That's not a tabloid headline, folks... the cute piggies shown below are part of a new genetics experiment, and while they look like perfectly normal pigs in daylight, they also glow in the dark.
Photo: University of Hawaii
According to the L.A. Times this experiment, conducted at South China Agricultural University, is just one of many similar tests around the world in which scientists add a foreign gene to the DNA of a mammal in a process called “active transgenesis.” In these cases, the donor gene comes from a jellyfish that produces a luminescent protein. When it was introduced into the DNA chain of mammal embryos, a portion of the offspring gained the jellyfish's glow-in-the-dark trait.
Bear in mind that as trippy and awesome as this might look, it's actually a practical experiment: transgenesis could soon allow scientists to introduce genes that produce specialized proteins for use in medicines, including the blood-clotting enzymes used to treat patients with hemophilia. The glow created for this particular experiment just shows that the process can work.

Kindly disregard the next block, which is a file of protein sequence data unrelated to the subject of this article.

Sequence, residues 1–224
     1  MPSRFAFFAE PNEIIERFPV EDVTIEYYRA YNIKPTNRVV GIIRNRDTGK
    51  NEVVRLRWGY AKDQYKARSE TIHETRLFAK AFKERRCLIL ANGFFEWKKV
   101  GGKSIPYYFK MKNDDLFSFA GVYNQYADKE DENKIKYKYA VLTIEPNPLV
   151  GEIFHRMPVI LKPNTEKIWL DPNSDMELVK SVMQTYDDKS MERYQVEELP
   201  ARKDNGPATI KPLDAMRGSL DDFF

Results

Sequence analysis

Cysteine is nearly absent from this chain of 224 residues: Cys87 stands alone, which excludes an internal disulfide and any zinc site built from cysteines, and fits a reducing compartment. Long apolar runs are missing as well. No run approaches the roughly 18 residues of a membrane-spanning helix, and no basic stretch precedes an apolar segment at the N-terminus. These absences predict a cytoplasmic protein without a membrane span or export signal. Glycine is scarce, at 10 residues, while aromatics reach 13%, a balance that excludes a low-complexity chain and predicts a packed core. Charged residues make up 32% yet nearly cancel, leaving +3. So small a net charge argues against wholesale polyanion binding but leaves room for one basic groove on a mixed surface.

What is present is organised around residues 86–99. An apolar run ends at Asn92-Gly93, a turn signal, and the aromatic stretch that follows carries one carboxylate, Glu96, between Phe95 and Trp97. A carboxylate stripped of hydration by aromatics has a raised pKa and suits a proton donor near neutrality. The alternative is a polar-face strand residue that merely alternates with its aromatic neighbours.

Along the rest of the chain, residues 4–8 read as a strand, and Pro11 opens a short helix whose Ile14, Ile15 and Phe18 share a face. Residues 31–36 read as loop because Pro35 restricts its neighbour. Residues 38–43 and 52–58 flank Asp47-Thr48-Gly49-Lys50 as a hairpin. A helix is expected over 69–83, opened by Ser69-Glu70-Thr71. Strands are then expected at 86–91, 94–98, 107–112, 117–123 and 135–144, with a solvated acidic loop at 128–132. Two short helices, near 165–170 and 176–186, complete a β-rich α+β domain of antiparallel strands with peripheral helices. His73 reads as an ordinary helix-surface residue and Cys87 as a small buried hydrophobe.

Other successful experiments have resulted in glow-in-the-dark cats, rabbits and even sheep.
[Note: according to a statement from the University, the pigs in the clip below are not being harmed; they're just afraid of the dark. Seriously.]